Widowhood

Last week, I zoomed with my grandson on his birthday, and I asked him how he felt about being 20. “Nanna,” he replied, “I don’t know if I’m ready to take on all the aspects of being an adult—things like paying taxes and all that.” He swooped his hand through the abundant locks of hair that fell over his forehead, as if to rid himself of such thoughts.

“Well, Galileo,” I responded, “the good news is that you aren’t a teenager any more, but adulthood in most ways begins at 21, so you aren’t an adult yet either. Maybe you could think of this as a grace year, a year to be neither.” He seemed to like that idea. 

I have been called upon many times in my life to reinvent myself. My friend Gerri says I have more iterations than anyone else that she knows. I don’t have a way to judge, but I’m sure we all in one way or another, willingly or unwillingly, suddenly or gradually, have changed identities, more or less aware of what is transpiring.

I have started new careers three times, ended long term relationships, married, divorced, become a mother, and came out to the world as loving a woman. A few years ago, I even started this blog and adopted a new name as a way to make manifest changes that were brought on by aging. I had lost my mother, completed my doctorate, retired, and given up my beloved Maine home that we were no longer able to care for properly. I found myself living with Rosemary in a condo on the Connecticut shore, feeling a little bewildered about who I had become.

But this latest reinvention feels more difficult, more forced upon me than earlier identities. Roseemary’s death did not result from anything I did or didn’t do; nevertheless, it has required adjustments on my part.

I have had Rosemary’s wedding ring resized and I wear it above my own. I have notified State retirement and Social Security to stop sending her money every month—tasks far more difficult than they should have been, perhaps because of COVID, but also just because organizations seem to have sunk more deeply into bureaucratic behavior than ten years ago when I did these tasks for my mother.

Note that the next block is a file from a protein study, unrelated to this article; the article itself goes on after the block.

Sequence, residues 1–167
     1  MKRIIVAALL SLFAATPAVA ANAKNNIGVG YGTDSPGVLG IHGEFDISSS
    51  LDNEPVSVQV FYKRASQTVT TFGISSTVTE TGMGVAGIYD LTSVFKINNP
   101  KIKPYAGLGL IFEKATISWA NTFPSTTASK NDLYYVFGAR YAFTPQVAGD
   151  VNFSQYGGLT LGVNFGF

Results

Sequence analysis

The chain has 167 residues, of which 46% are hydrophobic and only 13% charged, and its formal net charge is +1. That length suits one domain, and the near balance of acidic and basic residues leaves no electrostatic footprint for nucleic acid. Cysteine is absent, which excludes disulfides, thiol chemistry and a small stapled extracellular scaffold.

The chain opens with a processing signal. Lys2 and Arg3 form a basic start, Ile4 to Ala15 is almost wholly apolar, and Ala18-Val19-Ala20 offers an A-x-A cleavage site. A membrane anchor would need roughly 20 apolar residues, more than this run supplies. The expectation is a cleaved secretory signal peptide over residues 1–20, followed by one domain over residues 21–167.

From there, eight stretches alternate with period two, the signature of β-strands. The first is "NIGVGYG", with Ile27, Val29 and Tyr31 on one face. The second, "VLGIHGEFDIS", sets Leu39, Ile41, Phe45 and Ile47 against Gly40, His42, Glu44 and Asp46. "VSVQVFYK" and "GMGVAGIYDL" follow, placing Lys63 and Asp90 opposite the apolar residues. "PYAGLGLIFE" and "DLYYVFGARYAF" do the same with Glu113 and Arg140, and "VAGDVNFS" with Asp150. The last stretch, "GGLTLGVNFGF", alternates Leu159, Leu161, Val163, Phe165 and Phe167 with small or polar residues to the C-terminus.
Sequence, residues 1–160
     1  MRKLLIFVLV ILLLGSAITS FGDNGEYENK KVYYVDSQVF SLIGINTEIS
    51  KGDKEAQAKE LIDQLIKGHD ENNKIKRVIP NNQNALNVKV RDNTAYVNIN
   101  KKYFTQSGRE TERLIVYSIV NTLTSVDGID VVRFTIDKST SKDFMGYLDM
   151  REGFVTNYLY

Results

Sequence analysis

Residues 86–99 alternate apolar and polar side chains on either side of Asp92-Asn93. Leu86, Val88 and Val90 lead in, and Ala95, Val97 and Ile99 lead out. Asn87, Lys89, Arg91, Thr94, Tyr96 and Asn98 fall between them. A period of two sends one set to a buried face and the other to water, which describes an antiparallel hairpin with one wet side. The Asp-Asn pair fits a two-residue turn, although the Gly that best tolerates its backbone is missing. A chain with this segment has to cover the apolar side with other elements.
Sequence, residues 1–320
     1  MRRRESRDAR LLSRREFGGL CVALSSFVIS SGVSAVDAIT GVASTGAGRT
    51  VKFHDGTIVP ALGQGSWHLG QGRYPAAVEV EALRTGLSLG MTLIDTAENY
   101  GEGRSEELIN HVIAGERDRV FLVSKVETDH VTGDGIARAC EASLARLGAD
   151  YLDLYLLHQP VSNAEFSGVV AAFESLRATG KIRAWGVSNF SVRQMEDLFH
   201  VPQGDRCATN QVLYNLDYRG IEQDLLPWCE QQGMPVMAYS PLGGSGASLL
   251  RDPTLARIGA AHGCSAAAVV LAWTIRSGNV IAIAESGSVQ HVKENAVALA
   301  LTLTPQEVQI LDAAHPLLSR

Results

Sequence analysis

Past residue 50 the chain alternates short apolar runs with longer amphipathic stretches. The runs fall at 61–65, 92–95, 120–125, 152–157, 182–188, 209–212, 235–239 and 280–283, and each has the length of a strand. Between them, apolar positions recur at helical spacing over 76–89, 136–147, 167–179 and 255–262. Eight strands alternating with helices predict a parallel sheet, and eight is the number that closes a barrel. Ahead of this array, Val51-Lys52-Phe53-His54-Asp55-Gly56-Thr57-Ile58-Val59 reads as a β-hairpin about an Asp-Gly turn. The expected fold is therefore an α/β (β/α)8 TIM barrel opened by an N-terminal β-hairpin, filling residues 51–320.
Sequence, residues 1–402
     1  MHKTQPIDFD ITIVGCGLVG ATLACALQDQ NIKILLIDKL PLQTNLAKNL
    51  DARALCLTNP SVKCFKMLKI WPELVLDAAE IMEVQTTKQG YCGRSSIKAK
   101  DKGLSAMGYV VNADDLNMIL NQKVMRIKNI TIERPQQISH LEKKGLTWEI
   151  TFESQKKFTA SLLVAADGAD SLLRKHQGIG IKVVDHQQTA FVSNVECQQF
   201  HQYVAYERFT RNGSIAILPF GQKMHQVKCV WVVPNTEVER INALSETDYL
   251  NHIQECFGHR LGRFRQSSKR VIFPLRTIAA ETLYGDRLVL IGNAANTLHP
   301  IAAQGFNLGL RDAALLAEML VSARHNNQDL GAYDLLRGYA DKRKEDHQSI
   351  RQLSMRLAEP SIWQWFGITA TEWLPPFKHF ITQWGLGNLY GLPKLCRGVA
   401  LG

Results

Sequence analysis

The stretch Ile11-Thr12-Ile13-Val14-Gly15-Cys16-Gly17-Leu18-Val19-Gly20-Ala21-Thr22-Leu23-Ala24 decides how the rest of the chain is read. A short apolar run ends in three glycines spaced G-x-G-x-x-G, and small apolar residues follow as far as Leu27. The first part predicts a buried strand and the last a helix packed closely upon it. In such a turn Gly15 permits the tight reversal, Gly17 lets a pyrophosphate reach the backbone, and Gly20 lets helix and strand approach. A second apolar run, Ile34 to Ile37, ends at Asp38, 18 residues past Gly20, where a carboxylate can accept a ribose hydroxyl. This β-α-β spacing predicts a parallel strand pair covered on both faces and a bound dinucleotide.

With difficulty, I have refrained from telling the first stranger I encountered after Rosemary’s death—a lovely young woman who chatted with me in line at the eye glass store—that my wife had just died.

I have cried at night, alone in my room.

I have fought with the credit card company when, unannounced, they closed the joint credit card we both used, because I was just a card holder and not a joint member as I had believed.

I have written about half of the thank you notes I want to write to generous and kind folks who remembered Rosemary in various ways. (Another friend who recently lost her wife, tells me I have six months to accomplish this task, and, given the number of people who honored Rosemary and supported us in so many ways, it may take that.)

And I have for the first time written Widow next to marital status on a form. I wasn’t at all prepared. My breath caught and the world went silent.

I am still too submerged in grief to know who this widow person is, too stunned by Rosemary’s death to look further ahead than the next week, and too troubled trying to sort out where to live to give thought to who I am now.

Every so often, however, in the middle of some innocuous action—making an appointment to get the car serviced or putting a piece into the jigsaw puzzles that I work on every night on my sister’s coffee table—I catch a momentary glimpse of the future, not of where I will live, nor what I might do, but an inkling of the person I am becoming. Perhaps, like Galileo, I could use a grace year, a year between wife and widow. A year to just be curious.